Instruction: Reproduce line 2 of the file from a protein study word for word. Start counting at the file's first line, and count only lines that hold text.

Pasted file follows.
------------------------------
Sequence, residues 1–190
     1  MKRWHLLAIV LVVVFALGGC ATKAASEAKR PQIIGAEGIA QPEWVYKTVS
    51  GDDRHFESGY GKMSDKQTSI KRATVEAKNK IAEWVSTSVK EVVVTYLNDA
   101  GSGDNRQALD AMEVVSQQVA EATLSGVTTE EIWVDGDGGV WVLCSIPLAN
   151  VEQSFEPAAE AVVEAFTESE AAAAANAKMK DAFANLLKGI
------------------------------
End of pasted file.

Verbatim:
     1  MKRWHLLAIV LVVVFALGGC ATKAASEAKR PQIIGAEGIA QPEWVYKTVS